Data Dissemination Standards

International Monetary Fund
Published Date:
September 1996
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During 1995 and early 1996, the Board met on a number of occasions to discuss a Fund initiative to encourage the comprehensive and timely flow of staitstics from countries to the public, including the financial markets. Such data are critical to the analysis and implementation of macroeconomic policy, and their dissemination was seen as diminishing the risk of abrupt and disruptive market reactions. The initiative was in response to a request by the Interim Committee in April 1995 to establish standards to guide members in the provision of economic and financial data to the public (Annual Report, 1995, page 210). The standards that the Board has endorsed are to have two tiers: a general standard and a special standard (see Box 5 and Table 3). Starting in April 1996, countries were able to subscribe to the special standard, which was approved by the Board also in April 1996. The initial proposal for the special standard had been released to the public as a “Green Paper” for discussion in February 1996—the first time the Fund had issued a draft policy document for public comment. Preparation of the general standard continued at the end of the financial year.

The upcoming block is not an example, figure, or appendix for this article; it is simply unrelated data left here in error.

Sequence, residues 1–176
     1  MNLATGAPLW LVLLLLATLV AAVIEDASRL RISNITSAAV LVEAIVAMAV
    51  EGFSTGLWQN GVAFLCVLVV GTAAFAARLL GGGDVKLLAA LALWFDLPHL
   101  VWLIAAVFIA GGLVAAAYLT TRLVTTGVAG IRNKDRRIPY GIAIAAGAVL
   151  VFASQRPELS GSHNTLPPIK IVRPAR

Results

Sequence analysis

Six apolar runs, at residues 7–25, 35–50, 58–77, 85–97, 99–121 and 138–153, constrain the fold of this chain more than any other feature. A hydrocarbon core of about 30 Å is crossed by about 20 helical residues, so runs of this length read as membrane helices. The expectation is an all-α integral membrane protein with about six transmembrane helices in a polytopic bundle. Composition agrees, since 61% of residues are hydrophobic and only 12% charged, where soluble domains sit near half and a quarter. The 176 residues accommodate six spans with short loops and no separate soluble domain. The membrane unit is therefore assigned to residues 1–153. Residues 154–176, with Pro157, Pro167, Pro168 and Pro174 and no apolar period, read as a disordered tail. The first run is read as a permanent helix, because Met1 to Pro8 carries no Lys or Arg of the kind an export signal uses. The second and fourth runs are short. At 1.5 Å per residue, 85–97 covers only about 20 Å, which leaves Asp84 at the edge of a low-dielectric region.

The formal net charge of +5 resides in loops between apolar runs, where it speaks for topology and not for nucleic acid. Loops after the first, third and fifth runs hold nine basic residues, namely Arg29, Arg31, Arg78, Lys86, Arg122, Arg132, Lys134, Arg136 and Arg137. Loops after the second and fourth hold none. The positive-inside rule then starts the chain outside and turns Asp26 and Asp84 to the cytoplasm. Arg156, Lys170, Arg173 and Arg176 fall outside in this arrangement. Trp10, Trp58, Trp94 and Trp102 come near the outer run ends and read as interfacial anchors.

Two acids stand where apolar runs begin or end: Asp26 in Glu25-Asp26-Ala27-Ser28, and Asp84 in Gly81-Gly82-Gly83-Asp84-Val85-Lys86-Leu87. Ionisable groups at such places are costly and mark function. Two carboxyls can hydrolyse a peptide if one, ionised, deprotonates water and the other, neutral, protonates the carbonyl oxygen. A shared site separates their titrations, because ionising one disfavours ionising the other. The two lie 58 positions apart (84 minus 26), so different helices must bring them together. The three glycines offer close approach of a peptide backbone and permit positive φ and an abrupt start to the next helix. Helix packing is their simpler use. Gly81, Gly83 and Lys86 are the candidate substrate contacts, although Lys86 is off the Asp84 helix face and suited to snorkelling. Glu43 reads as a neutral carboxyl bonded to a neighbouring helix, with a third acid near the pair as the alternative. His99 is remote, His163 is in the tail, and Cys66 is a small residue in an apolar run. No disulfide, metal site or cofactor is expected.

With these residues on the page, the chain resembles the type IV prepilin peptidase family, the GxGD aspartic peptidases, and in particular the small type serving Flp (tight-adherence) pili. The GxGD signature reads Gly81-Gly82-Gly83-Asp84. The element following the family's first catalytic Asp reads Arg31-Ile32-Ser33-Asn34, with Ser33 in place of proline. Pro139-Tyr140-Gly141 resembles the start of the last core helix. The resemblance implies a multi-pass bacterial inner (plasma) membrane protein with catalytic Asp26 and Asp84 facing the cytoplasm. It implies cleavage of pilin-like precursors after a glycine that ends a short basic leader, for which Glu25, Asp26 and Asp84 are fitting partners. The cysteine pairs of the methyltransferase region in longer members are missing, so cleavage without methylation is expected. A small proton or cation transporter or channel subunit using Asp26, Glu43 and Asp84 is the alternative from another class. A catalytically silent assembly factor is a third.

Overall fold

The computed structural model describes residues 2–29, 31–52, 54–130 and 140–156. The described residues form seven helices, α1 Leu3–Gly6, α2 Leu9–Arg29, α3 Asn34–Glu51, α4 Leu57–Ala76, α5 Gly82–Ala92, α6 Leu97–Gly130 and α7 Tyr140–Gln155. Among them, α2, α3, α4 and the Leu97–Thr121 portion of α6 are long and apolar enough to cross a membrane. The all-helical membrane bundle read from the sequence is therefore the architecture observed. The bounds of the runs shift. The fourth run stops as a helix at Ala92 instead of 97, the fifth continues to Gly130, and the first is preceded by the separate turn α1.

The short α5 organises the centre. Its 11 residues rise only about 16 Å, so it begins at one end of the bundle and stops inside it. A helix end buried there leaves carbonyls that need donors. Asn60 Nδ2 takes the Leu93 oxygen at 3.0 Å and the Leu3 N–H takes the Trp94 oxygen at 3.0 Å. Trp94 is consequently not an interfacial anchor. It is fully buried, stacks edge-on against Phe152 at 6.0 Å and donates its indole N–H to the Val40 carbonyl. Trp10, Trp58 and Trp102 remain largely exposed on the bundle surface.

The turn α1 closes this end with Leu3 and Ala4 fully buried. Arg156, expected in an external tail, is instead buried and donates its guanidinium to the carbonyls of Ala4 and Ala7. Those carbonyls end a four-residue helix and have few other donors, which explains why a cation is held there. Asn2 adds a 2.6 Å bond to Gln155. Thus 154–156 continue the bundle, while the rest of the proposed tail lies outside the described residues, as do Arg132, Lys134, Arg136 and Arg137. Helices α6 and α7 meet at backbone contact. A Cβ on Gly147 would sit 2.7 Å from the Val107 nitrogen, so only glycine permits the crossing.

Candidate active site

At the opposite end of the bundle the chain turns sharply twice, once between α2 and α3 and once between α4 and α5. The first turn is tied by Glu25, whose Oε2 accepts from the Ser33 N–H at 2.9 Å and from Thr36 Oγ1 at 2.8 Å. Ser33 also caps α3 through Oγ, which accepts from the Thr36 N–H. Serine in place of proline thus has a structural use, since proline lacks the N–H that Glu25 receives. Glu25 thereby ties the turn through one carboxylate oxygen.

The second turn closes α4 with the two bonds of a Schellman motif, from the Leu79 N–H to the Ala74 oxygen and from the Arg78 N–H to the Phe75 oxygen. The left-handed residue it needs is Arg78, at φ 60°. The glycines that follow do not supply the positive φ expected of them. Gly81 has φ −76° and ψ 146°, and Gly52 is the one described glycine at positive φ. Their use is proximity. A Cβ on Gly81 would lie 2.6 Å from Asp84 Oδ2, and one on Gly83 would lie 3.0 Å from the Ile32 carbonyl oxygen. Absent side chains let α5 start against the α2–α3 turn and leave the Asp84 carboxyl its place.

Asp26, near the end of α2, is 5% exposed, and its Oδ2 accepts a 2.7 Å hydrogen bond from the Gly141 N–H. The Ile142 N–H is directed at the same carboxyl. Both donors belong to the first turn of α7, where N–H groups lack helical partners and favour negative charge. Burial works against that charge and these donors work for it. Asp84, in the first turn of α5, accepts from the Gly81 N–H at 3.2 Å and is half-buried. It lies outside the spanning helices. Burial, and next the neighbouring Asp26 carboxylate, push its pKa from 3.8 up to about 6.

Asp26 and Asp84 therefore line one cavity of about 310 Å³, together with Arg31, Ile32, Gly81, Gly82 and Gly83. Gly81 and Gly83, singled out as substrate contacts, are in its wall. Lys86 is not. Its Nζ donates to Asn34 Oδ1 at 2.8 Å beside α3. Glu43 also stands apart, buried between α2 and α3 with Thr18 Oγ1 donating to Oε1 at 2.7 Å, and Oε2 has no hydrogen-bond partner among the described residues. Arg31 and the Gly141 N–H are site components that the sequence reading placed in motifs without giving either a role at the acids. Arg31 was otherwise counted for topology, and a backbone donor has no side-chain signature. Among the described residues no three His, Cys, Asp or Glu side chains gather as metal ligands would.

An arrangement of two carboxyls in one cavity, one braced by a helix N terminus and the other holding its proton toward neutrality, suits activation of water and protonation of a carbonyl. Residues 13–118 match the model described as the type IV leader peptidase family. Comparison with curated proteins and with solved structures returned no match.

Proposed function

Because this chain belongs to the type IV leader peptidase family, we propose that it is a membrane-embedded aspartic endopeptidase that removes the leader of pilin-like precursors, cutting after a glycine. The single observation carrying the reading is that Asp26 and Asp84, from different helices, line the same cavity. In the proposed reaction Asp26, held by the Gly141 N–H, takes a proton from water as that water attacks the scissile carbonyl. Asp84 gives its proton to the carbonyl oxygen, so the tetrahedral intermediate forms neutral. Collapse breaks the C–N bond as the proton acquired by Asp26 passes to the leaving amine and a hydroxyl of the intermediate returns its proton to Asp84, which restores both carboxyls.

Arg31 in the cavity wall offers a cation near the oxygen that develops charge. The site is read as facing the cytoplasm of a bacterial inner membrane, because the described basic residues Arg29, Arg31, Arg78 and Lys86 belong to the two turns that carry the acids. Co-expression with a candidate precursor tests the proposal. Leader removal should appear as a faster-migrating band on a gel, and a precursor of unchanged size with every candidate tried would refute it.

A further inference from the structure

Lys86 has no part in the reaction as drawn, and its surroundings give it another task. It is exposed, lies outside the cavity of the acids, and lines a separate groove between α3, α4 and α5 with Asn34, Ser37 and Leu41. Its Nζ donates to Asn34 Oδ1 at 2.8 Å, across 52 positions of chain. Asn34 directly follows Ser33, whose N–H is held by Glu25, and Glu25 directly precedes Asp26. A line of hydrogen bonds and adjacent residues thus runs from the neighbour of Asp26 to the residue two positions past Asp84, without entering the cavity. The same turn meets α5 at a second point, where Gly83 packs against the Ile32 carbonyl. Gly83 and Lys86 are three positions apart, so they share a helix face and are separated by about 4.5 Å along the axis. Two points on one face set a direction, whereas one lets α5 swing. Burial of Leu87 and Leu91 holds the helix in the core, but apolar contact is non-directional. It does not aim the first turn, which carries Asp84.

PrescribedEncouraged categories and/or componentsPeriodicityTimeliness
Real sector
National accounts: nominal, real, and associated prices (*) GDP by major expenditure category

and/or by productive sector
Saving, gross national income Q Q
Production index/indices (#) Industrial, primary commodity, or

sector, as relevant

(or as relevant)

(M encouraged, or as relevant)
Forward-looking indicator(s)

(e.g., qualitative business

surveys, orders, composite

leading indicators index)
M or Q M or Q
Labor market Employment, unemployment, and wages/earnings, as relevant Q Q
Price indices Consumer prices and producer or wholesale prices M M
Fiscal sector
General government or

public sector operations, as

relevant (*)
Revenue, expenditure, balance, and

domestic (bank and nonbank) and

foreign financing
Interest payments A 2Q
Central government

operations (#)
Budgetary accounts: revenue, expenditure, balance, and domestic (bank and nonbank) and foreign financing Interest payments M M
Central government debt Domestic and foreign, as relevant, with a breakdown by currency (including indexed), as relevant, and a breakdown by maturity; debt guaranteed by central

government, as relevant
Debt-service projections: interest and amortization on medium -and long-term debt (Q for next four quarters and then A) and

amortization on short-term debt (Q)
Financial sector
Analytical accounts of the

banking sector (*)
Money aggregates, domestic credit

by public and private sector, external position
Analytical accounts of the

central bank (#)
Reserve money, domestic claims on

public and private sector, external position